One in 12 men (8%) and one in 200 women (.5%) are color blind – 350 million worldwide and 13 million in the US. While people with normal color vision see over one million shades of color, the color blind only see an estimated 10% of hues and shades. Common color confusions include green and yellow, gray and pink, purple and blue, and red can appear brown and colorblind people see colors as more muted and dull. Click here for images of how colorblind people see colors in Tennessee State Parks.
If visitors aren’t sure if they are color blind, schedule an appointment with an optometrist or ophthalmologist. You can also visit Enchroma.com to take their online test in under two minutes.
ABOUT TENNESSEE DEPARTMENT OF TOURIST DEVELOPMENT
Tennessee is the home of the blues, bluegrass, country, gospel, soul, rockabilly and rock ‘n’ roll— delivering an unparalleled experience of beauty, history and family adventure, infused with music that creates a vacation that is the “Soundtrack of America. Made in Tennessee.” Explore more at tnvacation.com and join other Tennessee travelers by following “TNVacation” on Facebook, Twitter, Pinterest, Instagram and YouTube and “Tennessee” on Snapchat.
ABOUT TENNESSEE STATE PARKS
From their beginning in 1937, Tennessee State Parks were established to protect and preserve the unique natural, cultural, and historic resources of Tennessee. The public interest has also been served by a variety of benefits for citizens and communities produced by our state park system, promoting stronger communities and healthier citizens across the state through diverse resource-based recreation. Tennessee State Parks is one of only two state park systems in the nation to receive accreditation through the Commission for Accreditation of Park and Recreation Agencies (CAPRA). For more information, visit tnstateparks.com.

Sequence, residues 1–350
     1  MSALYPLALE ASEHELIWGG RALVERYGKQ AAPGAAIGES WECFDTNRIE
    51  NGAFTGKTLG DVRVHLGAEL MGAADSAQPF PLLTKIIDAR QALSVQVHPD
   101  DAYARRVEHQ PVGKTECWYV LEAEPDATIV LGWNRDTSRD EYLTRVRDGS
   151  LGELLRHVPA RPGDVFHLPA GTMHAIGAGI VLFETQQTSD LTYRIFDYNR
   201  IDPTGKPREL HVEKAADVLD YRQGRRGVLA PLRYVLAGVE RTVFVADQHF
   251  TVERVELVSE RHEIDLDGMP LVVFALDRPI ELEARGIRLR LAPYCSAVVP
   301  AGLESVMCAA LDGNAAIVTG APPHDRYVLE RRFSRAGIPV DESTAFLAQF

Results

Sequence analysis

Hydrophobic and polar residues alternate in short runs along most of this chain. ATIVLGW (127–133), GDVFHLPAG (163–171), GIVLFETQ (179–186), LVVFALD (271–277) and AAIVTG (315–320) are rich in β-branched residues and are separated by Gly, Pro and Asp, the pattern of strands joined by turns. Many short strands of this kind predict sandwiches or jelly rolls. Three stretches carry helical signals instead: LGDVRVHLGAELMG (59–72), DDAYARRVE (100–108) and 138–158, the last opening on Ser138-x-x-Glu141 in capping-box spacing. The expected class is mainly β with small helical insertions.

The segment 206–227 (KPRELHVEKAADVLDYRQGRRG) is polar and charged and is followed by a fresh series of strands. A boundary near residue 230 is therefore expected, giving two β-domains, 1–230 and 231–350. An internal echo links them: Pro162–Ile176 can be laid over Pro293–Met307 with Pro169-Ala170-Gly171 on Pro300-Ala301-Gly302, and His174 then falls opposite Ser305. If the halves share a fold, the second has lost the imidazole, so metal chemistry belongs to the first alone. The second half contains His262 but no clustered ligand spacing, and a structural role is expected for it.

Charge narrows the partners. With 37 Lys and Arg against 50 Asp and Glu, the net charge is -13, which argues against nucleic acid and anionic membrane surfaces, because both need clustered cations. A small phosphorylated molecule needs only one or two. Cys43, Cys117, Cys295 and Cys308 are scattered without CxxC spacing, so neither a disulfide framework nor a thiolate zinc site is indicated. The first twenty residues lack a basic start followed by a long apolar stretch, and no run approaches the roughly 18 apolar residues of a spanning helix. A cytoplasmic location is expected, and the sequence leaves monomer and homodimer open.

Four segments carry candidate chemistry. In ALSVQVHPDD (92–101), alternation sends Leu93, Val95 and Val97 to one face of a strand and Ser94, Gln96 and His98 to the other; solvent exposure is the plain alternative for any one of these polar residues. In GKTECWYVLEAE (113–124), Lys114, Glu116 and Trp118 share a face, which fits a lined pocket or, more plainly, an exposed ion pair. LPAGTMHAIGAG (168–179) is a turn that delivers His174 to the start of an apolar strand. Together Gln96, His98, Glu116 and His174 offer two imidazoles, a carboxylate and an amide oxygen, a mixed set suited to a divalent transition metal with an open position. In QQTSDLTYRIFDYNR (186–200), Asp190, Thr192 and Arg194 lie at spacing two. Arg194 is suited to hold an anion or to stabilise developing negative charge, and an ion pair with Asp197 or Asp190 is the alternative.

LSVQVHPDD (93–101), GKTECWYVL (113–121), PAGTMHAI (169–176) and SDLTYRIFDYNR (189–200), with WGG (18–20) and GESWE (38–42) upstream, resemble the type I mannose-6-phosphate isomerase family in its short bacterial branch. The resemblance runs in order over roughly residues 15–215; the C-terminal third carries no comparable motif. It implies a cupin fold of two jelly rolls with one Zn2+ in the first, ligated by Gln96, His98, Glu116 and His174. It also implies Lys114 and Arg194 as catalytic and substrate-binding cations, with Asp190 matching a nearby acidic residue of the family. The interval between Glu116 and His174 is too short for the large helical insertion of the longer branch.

Based in Berkeley, Calif., EnChroma produces leading-edge eyewear for color blindness and low vision, and other solutions for color vision, sold online and through Authorized Retailers worldwide. Invented in 2010, EnChroma’s patented eyewear for color blindness combines the latest in color perception, neuroscience, and lens innovation to improve the lives of people with color vision deficiency around the world. EnChroma received an SBIR grant from the National Institutes of Health (NIH). It earned the 2016 Tibbetts Award from the U.S. Small Business Administration in recognition of the firm’s innovative impact on the human experience through technology, and the 2020 Innovation Award in Life Sciences from the Bay Area’s East Bay Economic Development Alliance. For more information call 510-497-0048 or visit enchroma.com.
EnChroma Color Accessibility Program
The Tennessee Department of Tourist Development is making EnChroma glasses available for guests to borrow through the EnChroma Color Accessibility Program. The program helps public venues, schools, state parks, libraries, museums, and other organizations purchase and loan EnChroma glasses to color blind students and guests to help make schoolwork that involves color, colorful exhibits, nature, attractions and/or experiences accessible to the color blind.
Tennessee Department of Tourist Development Media Contacts:
Mary Katelyn Price
Tennessee Department of Environment & Conservation & Tennessee State Parks Media Contact:
Enchroma Media Contact: